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Hits and misses, bold changes for Paramore in “After Laughter”

Jesse Raymer

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Hayley Williams rocks out during the 2011 Vans Warped Tour. Photo courtesy of Dan Cox.

Paramore is a band that grabbed 2007 by storm. If you were in middle school in the mid-2000s then you were exposed to Hayley William’s fantastic vocals and bright orange hair. Even with personnel changes, Paramore has been a group that has embraced the same pop-punk formula for the better part of decade.

On their fifth studio album After Laughter, Paramore takes a massive sonic shift. Grabbing from 1980s heavyweights like Blondie and Talking Heads, and contemporary indie-pop darlings like The 1975 and Phoenix. Paramore goes from a pop-rock sound to a sleek, indie-pop composition.

The album opens with the infectious tune “Hard Times”. This tune has a funky bass line and glittering guitars that are sugary to the ear. Williams’ voice has conviction, exclaiming “And I gotta get to rock bottom!” Her changing inflection adds more texture to the track, and the lyrics of trying to make it through a difficult time in one’s life is juxtaposed by the sweet melody. “Hard Times” is a smart track that kicks the album off on an amazing start.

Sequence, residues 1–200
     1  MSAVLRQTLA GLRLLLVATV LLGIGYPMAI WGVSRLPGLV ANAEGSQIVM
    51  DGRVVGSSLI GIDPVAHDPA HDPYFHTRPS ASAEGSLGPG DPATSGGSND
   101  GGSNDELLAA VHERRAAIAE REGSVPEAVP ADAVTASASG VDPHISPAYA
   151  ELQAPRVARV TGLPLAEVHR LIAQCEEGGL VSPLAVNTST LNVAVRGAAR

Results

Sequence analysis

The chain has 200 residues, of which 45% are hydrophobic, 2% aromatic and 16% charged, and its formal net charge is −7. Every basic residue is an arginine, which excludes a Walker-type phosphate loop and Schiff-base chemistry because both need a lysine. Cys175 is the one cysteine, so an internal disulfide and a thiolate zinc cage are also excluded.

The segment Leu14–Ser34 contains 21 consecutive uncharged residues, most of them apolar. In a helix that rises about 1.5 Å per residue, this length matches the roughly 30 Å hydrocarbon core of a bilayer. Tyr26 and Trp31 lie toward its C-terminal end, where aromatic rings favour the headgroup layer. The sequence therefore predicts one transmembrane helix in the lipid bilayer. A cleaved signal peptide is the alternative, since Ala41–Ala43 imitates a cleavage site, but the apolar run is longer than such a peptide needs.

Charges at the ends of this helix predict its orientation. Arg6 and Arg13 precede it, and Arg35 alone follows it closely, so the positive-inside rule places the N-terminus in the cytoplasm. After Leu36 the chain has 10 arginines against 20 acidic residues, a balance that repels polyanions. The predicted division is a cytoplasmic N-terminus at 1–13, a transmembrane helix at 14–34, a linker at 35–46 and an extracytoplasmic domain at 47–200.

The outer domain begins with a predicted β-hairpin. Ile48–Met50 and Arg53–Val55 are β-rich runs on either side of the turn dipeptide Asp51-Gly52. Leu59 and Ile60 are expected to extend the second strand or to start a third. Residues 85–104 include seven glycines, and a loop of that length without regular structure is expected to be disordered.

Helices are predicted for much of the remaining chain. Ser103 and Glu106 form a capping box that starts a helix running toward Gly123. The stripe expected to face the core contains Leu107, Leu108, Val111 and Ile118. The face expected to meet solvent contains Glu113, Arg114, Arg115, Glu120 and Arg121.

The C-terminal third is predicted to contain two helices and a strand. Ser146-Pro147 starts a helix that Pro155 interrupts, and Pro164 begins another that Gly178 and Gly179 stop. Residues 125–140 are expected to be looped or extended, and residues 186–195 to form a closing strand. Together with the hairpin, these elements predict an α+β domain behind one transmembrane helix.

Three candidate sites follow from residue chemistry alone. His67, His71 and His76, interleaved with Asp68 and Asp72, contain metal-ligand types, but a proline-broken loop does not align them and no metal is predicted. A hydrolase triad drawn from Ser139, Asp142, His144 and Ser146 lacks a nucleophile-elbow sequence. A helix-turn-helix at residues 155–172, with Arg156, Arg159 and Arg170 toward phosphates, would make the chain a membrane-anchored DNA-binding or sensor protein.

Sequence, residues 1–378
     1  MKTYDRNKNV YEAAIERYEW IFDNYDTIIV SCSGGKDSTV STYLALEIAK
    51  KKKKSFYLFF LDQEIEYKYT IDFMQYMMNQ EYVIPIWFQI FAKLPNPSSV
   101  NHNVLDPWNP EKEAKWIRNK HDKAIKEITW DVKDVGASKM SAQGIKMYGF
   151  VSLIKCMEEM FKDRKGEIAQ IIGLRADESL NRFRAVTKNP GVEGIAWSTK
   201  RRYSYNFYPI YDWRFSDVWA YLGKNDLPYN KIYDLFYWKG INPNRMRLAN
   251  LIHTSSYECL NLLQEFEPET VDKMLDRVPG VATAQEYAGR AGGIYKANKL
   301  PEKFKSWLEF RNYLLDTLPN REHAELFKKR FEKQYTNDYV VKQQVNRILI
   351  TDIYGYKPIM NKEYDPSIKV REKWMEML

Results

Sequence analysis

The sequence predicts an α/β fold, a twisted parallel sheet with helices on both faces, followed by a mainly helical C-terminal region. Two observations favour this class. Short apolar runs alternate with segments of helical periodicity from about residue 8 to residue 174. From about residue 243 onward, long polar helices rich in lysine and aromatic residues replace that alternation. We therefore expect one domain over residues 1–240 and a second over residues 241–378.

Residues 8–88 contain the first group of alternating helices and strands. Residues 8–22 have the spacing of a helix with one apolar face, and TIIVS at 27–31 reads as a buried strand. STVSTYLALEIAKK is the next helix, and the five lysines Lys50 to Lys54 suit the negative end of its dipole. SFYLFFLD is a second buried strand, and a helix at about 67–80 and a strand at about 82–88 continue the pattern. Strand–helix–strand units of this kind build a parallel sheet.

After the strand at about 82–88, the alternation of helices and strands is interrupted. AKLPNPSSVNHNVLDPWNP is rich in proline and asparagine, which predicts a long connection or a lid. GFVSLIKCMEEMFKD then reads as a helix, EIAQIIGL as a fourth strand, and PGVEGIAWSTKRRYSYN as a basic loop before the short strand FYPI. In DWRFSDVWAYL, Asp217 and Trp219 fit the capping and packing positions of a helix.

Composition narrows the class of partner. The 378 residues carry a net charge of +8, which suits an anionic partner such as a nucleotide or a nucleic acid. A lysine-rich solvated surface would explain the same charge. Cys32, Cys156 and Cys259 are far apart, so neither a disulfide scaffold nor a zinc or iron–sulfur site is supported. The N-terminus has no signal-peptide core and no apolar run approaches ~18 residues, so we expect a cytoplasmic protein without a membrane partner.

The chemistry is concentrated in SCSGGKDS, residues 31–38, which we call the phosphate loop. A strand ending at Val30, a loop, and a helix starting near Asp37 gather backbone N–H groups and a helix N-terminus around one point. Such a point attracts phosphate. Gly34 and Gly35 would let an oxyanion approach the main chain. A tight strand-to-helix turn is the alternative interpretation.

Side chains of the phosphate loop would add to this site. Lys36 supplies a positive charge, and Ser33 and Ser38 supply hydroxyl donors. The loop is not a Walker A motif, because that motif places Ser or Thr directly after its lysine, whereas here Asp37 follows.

Though the new wave sound is a bold move for the group, the lyrical subject matter touches on the same themes that previous Paramore albums adhere to. Themes of love, loss, and personal stresses are apparent on this record. Hayley Williams’ lyrics are relatable, the listener will easily empathize with her on this record.

Despite the agreeable sound of After Laughter, songs on this record are a little too sugary for their own good. Tracks like “Fake Happy” and “Idle Worship” are borderline cliche, sonically they pull from the basic indie-pop sound of cheers and a steady, constant drum beat garnished by synths. This sound frankly becomes boring on these tracks and make it become less memorable.

Highlight tracks on this record are “Rose-Colored Boy,” “Told You So,” “Pools,” and “Caught in the Middle” these tracks bring a new, dance-infused flare to the record and have by far the catchiest hooks.

All in all, After Laughter is a record that may surprise longtime Paramore fans. But in the end, it is a new direction for the band after years of a similar one. The road ahead looks like a lush and glittery one.

3.5/5 sails

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Hits and misses, bold changes for Paramore in “After Laughter”